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April 24, 2014

GISD prepares for changes under new bill

GREENVILLE — When Texas House Bill 5 passed last year, it made some significant changes to the public school system.

It encompassed a wide-variety of topics from equitable funding for public schools, to standardized testing and graduation plans for high school students.

Wes Underwood, executive director of secondary education at Greenville Independent School District, is keeping students and parents informed of how the bill affects the upcoming 2014-15 school year.

One of the major changes to the public education system came from months of lobbying against the amount of standardized testing.

The new bill addresses that issue.

Instead of 17 End of Course exams, high school students are now required to take five EOCs, which include Algebra I, Biology, English I and II, and U.S. History.

Underwood also said there are “pretty big changes to graduation plans.”

Before HB5, there were three graduation plans students could follow, the “minimum,” the “recommended,” and the “distinguished” plans.

Under new law, Underwood said the plans reflect more on higher education plans.

“It’s now kind of like choosing majors,” he said.

In the eighth grade, students can now choose from five different career paths.

Selections students can choose from include business and industry, public service, STEM, arts and humanities, and multidisciplinary endorsements.

Underwood said the new endorsements enable students to begin laying a foundation for career paths from nursing all the way to teaching programs.

“It gives a little bit more flexibility,” he said. “It’s a coherent sequence of courses for each career path.”

Built into the new endorsements is the ability to switch among the different endorsements as a student grows into what they want to do for a career.

Underwood said the new endorsements are more user-friendly than in previous years.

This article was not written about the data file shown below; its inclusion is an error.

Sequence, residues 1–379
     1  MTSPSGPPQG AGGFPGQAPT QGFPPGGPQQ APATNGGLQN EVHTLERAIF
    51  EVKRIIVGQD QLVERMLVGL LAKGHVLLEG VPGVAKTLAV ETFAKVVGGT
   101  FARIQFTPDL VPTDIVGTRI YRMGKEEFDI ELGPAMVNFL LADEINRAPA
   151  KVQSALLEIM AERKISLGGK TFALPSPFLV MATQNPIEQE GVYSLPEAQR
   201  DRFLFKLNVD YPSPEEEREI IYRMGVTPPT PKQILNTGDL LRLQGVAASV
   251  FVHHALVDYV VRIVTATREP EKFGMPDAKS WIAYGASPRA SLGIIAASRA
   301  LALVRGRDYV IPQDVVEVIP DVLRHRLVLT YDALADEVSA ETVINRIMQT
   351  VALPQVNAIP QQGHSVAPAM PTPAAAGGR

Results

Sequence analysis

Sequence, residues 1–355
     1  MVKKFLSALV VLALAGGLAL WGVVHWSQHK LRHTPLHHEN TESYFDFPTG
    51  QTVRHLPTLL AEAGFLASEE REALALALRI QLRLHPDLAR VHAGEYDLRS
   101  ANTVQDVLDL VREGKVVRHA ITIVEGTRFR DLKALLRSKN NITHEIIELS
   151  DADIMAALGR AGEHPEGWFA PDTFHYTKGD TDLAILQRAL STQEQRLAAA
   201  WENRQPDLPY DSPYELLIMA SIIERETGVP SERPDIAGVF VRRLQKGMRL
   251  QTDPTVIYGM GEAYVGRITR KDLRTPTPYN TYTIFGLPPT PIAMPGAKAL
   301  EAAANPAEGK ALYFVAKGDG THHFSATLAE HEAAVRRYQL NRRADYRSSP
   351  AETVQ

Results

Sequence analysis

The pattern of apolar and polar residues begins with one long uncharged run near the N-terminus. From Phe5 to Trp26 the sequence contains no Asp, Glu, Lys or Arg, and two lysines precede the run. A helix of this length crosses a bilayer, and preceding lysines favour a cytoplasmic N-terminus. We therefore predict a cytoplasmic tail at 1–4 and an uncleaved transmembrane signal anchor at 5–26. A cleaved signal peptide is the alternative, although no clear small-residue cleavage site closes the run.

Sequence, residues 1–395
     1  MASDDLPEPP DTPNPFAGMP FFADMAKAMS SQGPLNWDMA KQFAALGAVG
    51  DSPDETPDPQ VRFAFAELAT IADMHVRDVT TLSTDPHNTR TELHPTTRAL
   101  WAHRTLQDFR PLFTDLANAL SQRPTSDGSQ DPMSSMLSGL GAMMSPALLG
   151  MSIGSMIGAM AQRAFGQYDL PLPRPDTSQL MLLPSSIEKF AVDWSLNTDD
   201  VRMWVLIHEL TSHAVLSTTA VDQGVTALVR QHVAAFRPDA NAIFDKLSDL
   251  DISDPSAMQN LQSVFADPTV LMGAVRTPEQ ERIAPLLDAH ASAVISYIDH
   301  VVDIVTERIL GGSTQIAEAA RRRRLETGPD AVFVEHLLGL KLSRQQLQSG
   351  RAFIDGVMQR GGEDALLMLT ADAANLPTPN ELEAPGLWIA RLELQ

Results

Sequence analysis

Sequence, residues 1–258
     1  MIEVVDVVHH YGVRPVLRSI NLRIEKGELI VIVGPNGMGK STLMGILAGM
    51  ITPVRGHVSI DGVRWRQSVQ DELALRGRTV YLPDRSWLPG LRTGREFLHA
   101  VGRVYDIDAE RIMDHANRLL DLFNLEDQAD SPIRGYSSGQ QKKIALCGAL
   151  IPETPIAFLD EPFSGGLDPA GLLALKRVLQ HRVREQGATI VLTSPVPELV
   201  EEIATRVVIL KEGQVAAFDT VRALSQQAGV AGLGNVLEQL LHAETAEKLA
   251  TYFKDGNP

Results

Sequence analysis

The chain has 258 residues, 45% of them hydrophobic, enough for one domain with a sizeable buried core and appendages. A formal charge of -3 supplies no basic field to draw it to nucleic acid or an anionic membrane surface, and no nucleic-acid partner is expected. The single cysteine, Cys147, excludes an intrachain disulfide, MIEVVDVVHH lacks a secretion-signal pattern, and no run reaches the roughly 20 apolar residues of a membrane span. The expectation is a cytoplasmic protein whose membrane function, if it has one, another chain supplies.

“All the pathways revolve around career and pathway programs,” he said. “There are a lot of ways to help those kiddos.”

Since approximately 50 percent of high school students do not go on to attend college, Under-wood said the district is meeting the challenge of preparing students for life after high school, whether that is moving on toward higher education, or earning a certificate and moving into the workforce.

“We want to make sure whatever a student wants to do, we prepare them for it,” he said. “That is an important goal for us.”

One way Underwood said the district will begin to implement this is by creating a career and technology advisory board, which looks at the workforce needs Hunt County businesses face.

“We’ve reached out to businesses,” he said. “We’re in the process of that right now.”

Underwood said from contacting businesses to hosting meetings with parents and students, the district has been able to prepare students for their high school career and beyond.

“I think we’ve been able to jump on it and really create some good opportunities with students,” he said, adding the counselors have been meeting one-on-one with students to create “long-range goals for kids.”

For more information on HB5, visit and click on the HB5 tab.

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